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We received a copy of a letter that Ahava Dead Sea Laboratories CEO Yaakov Ellis has been sending to his retail partners. In this letter, Ellis supplies dubious information about his company's business practices, makes contradictory claims about the Israeli occupation of the West Bank, and uses unfounded innuendo to belittle boycott campaign supporters. The Stolen Beauty Ahava boycott campaign has prepared the following response to Ellis's false claims.
1. Settlements in the West Bank, including Mitzpe Shalem and Kalia, are illegal under international law.
The claims about the West Bank's status in Ellis's letter are factually inaccurate and contradictory. The West Bank has been occupied by Israel since the 1967 War. Numerous United Nations resolutions and the ruling of the International Court of Justice in 2004 affirmed the Israeli Occupation of the West Bank and Gaza Strip. Also Israel's own Supreme Court stated in 2004 that Israel was holding the area “in belligerent occupation.” (http://bit.ly/israelsupremecourt). As an occupied territory, the West Bank and its Palestinian residents are protected by the Geneva Conventions.
All Israeli settlements in the West Bank, including Mitzpe Shalem and Kalia, are illegal under international law. Article 49 of the Fourth Geneva Convention states that, “The Occupying Power shall not deport or transfer parts of its own civilian population in the territory it occupies.” Ahava's manufacturing plant and visitors center are located at Mitzpe Shalem. Ahava labels its goods as "products of Israel" when in fact they are made in the Occupied West Bank. This labeling is under investigation in the U.K., and activists in France have filed suit against Sephora for carrying these products because of Ahava's illegal practices.
The settlements of Mitzpe Shalem and Kalia are cooperatives owned by the settlers living in them, and together they own 44% of Ahava. Both of these settlements are deep inside occupied Palestinian territory. Ahava profits are therefore subsidizing these illegal settlements and their residents. According to mapping done by Adalah, The Legal Center for Arab Minority Rights in Israel (www.adalah.org), formerly there were a few Palestinian communities on the lands on which these two settlements are located: Nabi Musa where Kalia is now situated and 'Arab al-Ta'amira near Mitzpe Shalem.
2. Our boycott campaign in the United States is completely legal.
Ahava is telling its retail customers that our boycott campaign is illegal under U.S. law. This is not true. The National Lawyers Guild has advised us that activists are completely within the law to engage in a political campaign using the time-honored tactic of economic boycott to press Israel to comply with international human rights laws and end its abusive occupation of the West Bank and its blockade of Gaza. Our boycott campaign targets Ahava Dead Sea Laboratories because of the company's violations of international law. This campaign is protected by the First Amendment, as free speech and association. Boycotts were integral to the success of the anti-apartheid movement against South Africa, the civil rights movement in the southern United States in the 1960s and 1970s, the movement to force California grape growers to recognize their workers' union, and many other similarly honorable nonviolent struggles for human rights that Ahava would not dare to condemn now, in hindsight.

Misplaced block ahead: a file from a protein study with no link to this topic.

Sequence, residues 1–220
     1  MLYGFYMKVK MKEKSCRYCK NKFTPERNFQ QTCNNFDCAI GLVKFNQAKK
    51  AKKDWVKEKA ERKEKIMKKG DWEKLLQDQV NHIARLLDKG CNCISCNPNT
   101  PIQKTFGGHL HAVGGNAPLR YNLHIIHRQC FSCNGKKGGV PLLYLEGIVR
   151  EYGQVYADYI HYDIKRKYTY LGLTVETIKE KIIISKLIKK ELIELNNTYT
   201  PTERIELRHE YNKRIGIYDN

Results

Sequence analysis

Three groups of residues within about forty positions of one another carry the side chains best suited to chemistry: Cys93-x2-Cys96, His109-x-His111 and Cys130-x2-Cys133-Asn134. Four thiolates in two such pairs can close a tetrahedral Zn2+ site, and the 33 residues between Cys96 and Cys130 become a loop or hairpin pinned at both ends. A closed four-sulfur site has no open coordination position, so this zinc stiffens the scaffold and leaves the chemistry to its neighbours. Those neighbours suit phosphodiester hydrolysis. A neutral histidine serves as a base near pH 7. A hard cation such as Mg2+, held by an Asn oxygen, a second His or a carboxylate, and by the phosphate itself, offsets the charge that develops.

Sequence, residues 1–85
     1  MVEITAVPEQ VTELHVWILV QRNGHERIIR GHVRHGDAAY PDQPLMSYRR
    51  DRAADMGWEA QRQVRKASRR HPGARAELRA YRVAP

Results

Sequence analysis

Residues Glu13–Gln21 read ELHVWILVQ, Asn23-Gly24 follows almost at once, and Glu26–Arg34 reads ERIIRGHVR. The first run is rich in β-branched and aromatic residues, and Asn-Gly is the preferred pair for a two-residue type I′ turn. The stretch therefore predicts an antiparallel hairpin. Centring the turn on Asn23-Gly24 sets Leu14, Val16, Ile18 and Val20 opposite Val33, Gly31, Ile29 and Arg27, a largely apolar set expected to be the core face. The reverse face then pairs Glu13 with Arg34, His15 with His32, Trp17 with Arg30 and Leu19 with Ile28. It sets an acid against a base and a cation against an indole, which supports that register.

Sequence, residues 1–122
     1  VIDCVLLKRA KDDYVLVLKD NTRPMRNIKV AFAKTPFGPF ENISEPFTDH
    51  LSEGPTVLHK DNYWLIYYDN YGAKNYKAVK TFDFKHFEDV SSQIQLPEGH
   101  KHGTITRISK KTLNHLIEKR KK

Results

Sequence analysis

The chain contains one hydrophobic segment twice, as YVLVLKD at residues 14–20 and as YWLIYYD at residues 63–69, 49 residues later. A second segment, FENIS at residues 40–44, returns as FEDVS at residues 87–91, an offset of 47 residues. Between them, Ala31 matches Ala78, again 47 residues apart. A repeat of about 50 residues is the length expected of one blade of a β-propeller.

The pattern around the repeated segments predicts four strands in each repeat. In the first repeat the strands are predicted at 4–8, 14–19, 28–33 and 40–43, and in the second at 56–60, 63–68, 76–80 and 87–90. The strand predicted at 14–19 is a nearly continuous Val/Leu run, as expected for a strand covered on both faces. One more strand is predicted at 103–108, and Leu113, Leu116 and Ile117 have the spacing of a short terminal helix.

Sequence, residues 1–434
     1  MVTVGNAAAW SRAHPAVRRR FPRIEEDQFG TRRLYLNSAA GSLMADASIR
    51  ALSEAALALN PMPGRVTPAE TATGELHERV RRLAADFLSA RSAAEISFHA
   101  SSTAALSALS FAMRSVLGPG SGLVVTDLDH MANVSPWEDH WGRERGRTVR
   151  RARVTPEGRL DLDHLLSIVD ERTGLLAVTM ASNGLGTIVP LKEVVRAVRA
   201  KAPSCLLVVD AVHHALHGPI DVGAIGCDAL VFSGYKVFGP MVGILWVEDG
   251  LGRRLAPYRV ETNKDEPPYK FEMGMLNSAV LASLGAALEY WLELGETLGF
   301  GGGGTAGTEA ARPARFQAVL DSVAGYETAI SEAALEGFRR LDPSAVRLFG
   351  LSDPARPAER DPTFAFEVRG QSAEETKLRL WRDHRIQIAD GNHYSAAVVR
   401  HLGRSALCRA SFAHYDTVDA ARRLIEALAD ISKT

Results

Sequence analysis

3. Ahava's sourcing of ingredients appears to violate international law.
We have received reports from sources in Israel that Ahava excavated mud for use in its products from the shores of the Dead Sea near Kalia, a settlement that is part owner of the company. In our “Case Against Ahava,” which was sent by the UK-based Business and Human Rights Centre (BHRC) to Ahava Dead Sea Laboratories for response in early December 2009, we stated:
“The mud that is used in the Ahava products is taken from a site that is next to the settlement of Kalia. This ‘pillage”' or ‘plunder' is illegal under international humanitarian law, specifically under Articles 23, 53 and 55 of the Hague Regulations; Articles 51 and 53 of the 4th Geneva Conventions; and Article 8(2)(b) of the Rome Statue of the International Criminal Court.
Ahava did not respond to our complaint, and so the BHRC published and disseminated the “Case Against Ahava” (http://www.business-humanrights.org/Links/Repository/687583) with no rebuttal from the company. We would welcome documentary proof from Ahava that it does not now nor has it ever sourced mud from the shores of the Occupied West Bank near the illegal settlement of Kalia.
Despite Yaacov Ellis's claims to the contrary, Ahava Dead Sea Laboratories is an Israeli profiteer in Occupied Palestinian Territory.
We hope that you will show your support for international law and human rights by choosing to no longer stock Ahava Dead Sea Laboratories products in your store. Thank you for your attention and consideration.
If you are not in charge of purchasing for your store, please forward this information to the appropriate personnel at your corporate headquarters. If you have questions or would like to discuss this further, please contact Nancy Kricorian, the campaign manager for The Stolen Beauty AHAVA Boycott, at email@example.com.
Nancy Kricorian, Rae Abileah, Kristen Ess Schur and the Stolen Beauty Ahava boycott team
For more information on the boycott campaign, please visit “Stolen Beauty” www.stolenbeauty.org
For more information on the manufacturer and its involvement in the occupation, go to “Who Profits from the Occupation?” (A project of The Israeli Coalition of Women for Peace) www.whoprofits.org/Company%20Info.php?id=575